that brings some relief n hope ….
    but the buzz for new smoke on mac is so much that people r planning to sell off their smoke on linux n get smoke on mac ….
    they fail to understand that these advanced features are available only in linux …
    but i m sure i will get an easy installment option where i can upgrade to 2011 …
    i m sure the new smoke will b now used for offline as well as online …
    as it is all in one finishing system …

  7. Christopher Noellert

    The 2011 release is substantial in a lot of ways. Regarding the Nuke vs. flame discussion, for a turnkey finishing and effect solution which is largely client attend or fast turn around there is zero question that Flame is the way to go. Nuke’s fundamental lack of io, conforming and versioning tools not to mention the lack o f a proper timeline virtually insure that it will have no place in the high end finishing market. For that matter Smoke on OS X is better suited than Nuke. As far as Storm is concerned it still remains to be seen where the product will go. Right now it’s being positioned in early viewings as an alternative to Red Cine and as more of a workflow tool. Does it have the potential to develop in to a Smoke killer…. Potentially… Time will definitely tell. But no one gets it right in version one point naught. Generation has been around for a good bit of time and it’s desperately far from being the tool at can kill Flame, much less Smoke.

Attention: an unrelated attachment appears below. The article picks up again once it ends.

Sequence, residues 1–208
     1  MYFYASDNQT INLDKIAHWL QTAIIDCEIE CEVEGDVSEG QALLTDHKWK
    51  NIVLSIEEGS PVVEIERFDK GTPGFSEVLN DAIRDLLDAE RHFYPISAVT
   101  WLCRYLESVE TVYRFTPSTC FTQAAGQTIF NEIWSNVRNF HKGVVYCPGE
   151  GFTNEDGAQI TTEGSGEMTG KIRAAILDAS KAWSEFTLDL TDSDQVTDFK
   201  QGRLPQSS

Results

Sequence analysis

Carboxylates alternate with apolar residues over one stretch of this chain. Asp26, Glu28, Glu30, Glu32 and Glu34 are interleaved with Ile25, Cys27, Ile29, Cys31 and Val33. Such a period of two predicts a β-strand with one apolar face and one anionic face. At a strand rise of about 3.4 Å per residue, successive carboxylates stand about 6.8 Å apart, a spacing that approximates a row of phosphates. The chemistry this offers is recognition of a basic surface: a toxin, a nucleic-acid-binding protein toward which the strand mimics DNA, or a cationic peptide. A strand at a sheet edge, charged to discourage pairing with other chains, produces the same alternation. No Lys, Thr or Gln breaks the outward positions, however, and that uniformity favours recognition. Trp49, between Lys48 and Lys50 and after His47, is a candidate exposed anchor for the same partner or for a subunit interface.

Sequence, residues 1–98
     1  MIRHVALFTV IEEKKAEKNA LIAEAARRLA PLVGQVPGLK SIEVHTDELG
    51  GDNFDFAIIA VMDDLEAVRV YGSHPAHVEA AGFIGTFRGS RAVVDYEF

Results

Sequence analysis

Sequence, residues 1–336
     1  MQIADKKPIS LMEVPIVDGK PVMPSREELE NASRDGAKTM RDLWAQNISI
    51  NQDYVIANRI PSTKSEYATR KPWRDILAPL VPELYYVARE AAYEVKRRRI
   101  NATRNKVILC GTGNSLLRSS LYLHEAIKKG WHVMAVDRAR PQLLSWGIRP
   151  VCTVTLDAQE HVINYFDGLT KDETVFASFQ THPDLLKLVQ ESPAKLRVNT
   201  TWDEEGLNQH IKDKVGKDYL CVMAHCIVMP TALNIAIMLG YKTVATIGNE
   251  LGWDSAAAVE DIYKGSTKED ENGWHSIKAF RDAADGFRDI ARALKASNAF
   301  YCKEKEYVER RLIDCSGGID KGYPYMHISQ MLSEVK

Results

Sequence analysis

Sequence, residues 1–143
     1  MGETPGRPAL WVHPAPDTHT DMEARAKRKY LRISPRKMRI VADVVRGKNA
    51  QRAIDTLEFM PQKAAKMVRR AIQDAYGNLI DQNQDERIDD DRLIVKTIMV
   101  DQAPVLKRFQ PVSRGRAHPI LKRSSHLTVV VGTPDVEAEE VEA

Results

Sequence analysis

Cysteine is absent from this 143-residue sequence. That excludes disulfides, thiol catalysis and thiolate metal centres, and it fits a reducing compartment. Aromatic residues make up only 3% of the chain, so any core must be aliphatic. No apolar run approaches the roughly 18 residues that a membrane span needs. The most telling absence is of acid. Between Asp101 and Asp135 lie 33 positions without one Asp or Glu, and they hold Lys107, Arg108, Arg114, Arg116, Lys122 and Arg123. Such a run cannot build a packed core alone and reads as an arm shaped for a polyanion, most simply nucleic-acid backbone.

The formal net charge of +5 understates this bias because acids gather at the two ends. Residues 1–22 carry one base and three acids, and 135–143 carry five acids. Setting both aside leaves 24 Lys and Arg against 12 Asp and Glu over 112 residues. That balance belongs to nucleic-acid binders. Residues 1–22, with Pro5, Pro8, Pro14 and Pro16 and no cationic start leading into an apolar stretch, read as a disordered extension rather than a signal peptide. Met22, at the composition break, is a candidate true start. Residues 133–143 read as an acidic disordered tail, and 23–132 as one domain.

That’s not to say that I don’t think that it cant happen or that I don’t think it would be good for Autodesk to have a little competition in the online/finishing/vex markets. I for one am extremely pro Nuke. If I wre starting a shop from scratch today, there would definitely be a handful of Nuke seats there doing the bulk of heavy lifting in the compositing department, rather than say one seat of Flare. Nuke is an mazing piece of compositing kit. Light years beyond Flame in a ton of ways. The 2011 release goes a fair way to update Flame’s comp workflow and increase it’s 3d capabiities in a large extent passed Nuke… But Nuke can be extended far beyond where Flame is with custom code and integrated so amazing into a production pipeline, where Flame in some extents still can feel a bit like an island.

    Would I pick up a Flame?

    Potentially depending on the work that needed to be done. Flame has been my weapon of choice for a long long long time in the commercials market for client attend. There’s not so much that I cant do in a session on Flame with clients sitting in the room… So potentially.

    Would I put together a Smoke on Mac OS X? Definitely. I just installed the demo of OS X Smoke on our FCP machine and am completely blown away and the performance and feature set for the price. Add to that a 30k resolve with control panels running on OS X and you’ve got a very competitive solutions for completing not openly finishing but also vex and color.

    Does Storm factor into all of this? Going to have to wait and see what the thing actually does but I have a tremendous amount of faith in the Foundry.